Travel agents, airlines getting more inquiries after VTL scheme expanded to a total of 11 countries
SINGAPORE: On Friday (Oct 8), Ms Sim Peck had decided that she would book a trip to France with her friends in December, and was prepared to serve a seven-day stay-home notice at home.
When it was announced on Saturday that France was one of the countries in expanded vaccinated travel lane (VTL) arrangements, the product manager at a multinational company wasted no time securing her ticket as it meant that she would not need to serve the stay-home notice upon returning.
Although the surge in interest for travelling led to some difficulty accessing the Singapore Airlines website, she managed to book a seven-day trip to France by Sunday.
“I am really missing the great outdoors, I am really missing experiencing a different culture, being able to eat a different cuisine in that country, that sort of simple thing we took for granted,” said Ms Sim, 50.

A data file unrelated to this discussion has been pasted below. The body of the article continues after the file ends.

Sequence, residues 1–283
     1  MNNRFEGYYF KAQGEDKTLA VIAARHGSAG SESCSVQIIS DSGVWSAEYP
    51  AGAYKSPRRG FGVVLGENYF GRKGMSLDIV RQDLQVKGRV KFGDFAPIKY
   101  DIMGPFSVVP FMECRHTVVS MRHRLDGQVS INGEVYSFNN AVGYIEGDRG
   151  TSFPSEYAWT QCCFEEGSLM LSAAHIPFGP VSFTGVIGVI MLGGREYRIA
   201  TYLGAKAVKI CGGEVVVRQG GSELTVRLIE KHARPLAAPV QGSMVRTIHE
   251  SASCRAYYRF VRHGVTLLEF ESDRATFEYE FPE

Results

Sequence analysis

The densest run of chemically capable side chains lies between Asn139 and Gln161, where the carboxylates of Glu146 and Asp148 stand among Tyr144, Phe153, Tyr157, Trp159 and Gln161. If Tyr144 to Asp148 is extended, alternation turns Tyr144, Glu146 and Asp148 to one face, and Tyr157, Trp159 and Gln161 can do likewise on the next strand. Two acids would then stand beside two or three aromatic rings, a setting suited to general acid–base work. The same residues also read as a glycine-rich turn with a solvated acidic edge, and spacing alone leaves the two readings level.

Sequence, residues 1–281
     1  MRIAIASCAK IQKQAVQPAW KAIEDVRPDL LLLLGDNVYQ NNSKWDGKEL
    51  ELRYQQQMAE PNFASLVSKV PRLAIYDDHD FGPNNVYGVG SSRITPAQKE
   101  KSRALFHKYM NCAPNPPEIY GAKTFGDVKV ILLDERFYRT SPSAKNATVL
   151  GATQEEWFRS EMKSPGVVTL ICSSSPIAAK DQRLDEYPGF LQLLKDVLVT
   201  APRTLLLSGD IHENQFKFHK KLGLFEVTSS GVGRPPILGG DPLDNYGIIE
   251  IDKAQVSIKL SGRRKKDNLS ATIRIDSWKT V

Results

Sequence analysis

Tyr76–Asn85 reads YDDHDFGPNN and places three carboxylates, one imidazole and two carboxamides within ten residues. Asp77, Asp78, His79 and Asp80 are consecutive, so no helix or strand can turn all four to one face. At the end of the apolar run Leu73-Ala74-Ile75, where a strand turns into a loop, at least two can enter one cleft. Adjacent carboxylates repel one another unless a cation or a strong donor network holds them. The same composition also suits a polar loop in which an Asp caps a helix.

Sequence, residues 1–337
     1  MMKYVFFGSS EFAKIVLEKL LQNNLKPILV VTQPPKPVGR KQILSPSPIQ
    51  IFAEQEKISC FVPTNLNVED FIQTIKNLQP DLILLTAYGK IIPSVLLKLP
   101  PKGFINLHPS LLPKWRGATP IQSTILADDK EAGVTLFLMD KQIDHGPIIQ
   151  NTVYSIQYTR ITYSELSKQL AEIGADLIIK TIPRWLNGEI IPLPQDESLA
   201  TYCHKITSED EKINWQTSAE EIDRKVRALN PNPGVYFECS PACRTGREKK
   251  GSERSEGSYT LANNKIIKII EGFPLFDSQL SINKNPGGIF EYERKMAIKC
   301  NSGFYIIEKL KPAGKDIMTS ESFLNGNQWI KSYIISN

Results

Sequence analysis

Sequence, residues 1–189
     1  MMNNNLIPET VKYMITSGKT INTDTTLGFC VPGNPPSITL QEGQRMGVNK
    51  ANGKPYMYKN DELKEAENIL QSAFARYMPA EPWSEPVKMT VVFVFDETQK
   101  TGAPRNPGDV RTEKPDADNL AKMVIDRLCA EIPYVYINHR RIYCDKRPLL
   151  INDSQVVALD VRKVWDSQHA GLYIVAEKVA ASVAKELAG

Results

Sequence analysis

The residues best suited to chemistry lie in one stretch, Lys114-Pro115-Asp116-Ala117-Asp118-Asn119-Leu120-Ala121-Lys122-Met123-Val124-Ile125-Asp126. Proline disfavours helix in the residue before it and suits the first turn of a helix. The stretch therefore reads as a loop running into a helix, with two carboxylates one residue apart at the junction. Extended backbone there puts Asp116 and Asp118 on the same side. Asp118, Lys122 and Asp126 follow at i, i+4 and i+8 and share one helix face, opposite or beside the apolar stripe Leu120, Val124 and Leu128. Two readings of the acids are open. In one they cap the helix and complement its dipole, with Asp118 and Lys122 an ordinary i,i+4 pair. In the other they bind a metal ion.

“It was all very serendipitous … I’ve learned in the past year that you can’t really plan things. You just have to do it.”
Other travellers CNA spoke to have plans to visit New York, Germany and South Korea.
On Saturday, Transport Minister S Iswaran said that from Oct 19, fully vaccinated travellers from Canada, Denmark, France, Italy, the Netherlands, Spain, the United Kingdom and the United States will be able to enter Singapore without quarantine.
This came a day after the announcement that Singapore and South Korea agreed to launch vaccinated travel lanes from Nov 15.
Together with Germany and Brunei, the first two countries in a VTL pilot announced earlier, Singapore residents will soon be able to travel to 11 countries with far fewer restrictions.
Travellers will still have to take COVID-19 polymerase chain reaction (PCR) tests within 48 hours of departing for Singapore and on arrival, but there are no restrictions on the purpose of travel and no controlled itinerary.